Top critical review
“To kill a man like Mitch Rapp, however, would be an entirely different matter.”
Reviewed in the United States on November 21, 2019
I suppose that after reading an author or a political/spy series as focused as this Mitch Rapp – Vince Flynn pairing has been, one begins to notice a certain trend or tendency in the literary content or the general character development/maintenance of the main protagonists. Perhaps it is due to the overt length of this particular work (465 pages hardcover) or because of the nature of this particular storyline, but we are definitely starting to see the limits of Flynn’s literary capabilities, and as a result, this entry into the series was, I felt, the weakest thus far.
Make no mistake though…Flynn is just as magnificent as he’s always been at describing the intrigue of international terrorist affairs and the actions that the United States takes in uncovering and subduing these malicious acts. But it is when he engages Rapp on the home-front, especially in a domesticated setting, with a clearly mis-matched/mis-characterized wife, and then attempts dialogue, completely banal and cliched, that we see a substantive loss of credibility. And it is within this volume that these situations seem to suddenly separate him (Rapp) from the overall character personae that we’ve grown to know…all of which is not to say that Rapp can’t necessarily be domesticated…it’s just that Flynn’s depictions have suddenly grown rather trite and non-sellable. And, there are far too many of them here that offset the storyline in a negative fashion.
Also, and I don’t mean to keep belaboring the negative points or sounding insensitive, but there are far too many Arabic names here to keep track of…perhaps it’s unfortunate but it has been a proven literary fact that for the average American reader, even of these international terrorist/espionage thrillers, the number of complex Arab names must be kept to a realistic minimum. Here, though, Flynn is throwing them around at an alarming rate, rapidly losing the reader right from the very beginning…it almost requires a pad and pencil to keep up, a mortal sin for a novelist. The characters do work themselves out in the end but there are too many moments in-between where we lose sight of who we’re actually talking about.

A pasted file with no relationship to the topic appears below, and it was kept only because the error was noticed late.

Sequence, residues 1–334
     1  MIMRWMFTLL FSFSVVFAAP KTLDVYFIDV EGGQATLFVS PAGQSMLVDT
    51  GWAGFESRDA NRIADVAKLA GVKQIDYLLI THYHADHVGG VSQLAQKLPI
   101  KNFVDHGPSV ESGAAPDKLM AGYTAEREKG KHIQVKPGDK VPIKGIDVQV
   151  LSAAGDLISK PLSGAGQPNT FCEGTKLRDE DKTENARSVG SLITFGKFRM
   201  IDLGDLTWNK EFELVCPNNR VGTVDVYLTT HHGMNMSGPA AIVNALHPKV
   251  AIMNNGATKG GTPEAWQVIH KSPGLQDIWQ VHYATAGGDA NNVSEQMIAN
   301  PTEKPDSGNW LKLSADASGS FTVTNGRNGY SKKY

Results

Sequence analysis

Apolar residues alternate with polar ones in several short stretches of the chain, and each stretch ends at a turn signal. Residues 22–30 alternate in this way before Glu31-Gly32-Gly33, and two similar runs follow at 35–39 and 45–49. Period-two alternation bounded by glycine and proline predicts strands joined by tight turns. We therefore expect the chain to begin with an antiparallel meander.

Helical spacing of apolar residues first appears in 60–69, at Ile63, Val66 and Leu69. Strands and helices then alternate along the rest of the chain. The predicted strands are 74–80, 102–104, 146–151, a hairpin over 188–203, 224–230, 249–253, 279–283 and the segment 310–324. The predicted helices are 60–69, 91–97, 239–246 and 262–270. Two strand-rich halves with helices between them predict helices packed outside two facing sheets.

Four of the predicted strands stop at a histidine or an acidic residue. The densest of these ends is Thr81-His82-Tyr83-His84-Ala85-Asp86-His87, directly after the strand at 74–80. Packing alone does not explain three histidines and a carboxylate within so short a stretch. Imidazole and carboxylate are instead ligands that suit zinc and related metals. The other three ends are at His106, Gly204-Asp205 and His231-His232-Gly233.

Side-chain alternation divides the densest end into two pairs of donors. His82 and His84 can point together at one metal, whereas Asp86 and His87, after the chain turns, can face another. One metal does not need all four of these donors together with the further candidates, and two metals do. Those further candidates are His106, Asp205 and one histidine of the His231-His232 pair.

This plot begins with a unique turn for a Mitch Rapp novel…following the “removal” of one of these Arab terrorists, a contract is taken out on Rapp’s life by his supremely wealthy father. Sub-contracting it through a former Stasi German who then further sub-contracts it (??) through a French assassin and his girlfriend/partner, we watch the confluence of events that lead to the showdown between assassin and Rapp. Needless to say, Rapp survives, but not without telling consequences…and with the revenge sector of his brain in full fury, his supporters in the government know he will stop at nothing to bring down those who perpetrated this act. Political and international intrigue ensue, of course, and it’s a race, a “kill or be killed” plot to the end that puts Rapp once again on the front line of world terror.
Flynn also continues his mastery of military tactics and weapons here and this is what continually sells these novels for me. He is profound with locations and attack plans which make me wonder (like virtually all his other readers) where he gets such detailed, inside information…this work is especially beguiling for the intricate revenge plans that Rapp takes in foreign countries.
So, in summary, “Consent To Kill” was not only a turning point for the Mitch Rapp character, it was for me as well…claiming the same excellence in political/military intrigue, it dissipated rather severely in terms of literary writing quality. For those who might pick this up without having read the catalogue up to it, I’m sure that it stands out…for those of us that’ve followed along from the beginning however, my belief is that we’re seeing a major chink in the armor. The interactive dialogue here is approaching juvenile (most definitely including our main protagonist) while the supporting character structure has taken a marked step down. All this will certainly not stop me from continuing with this series, it’s only my hope that these charges will see it get better.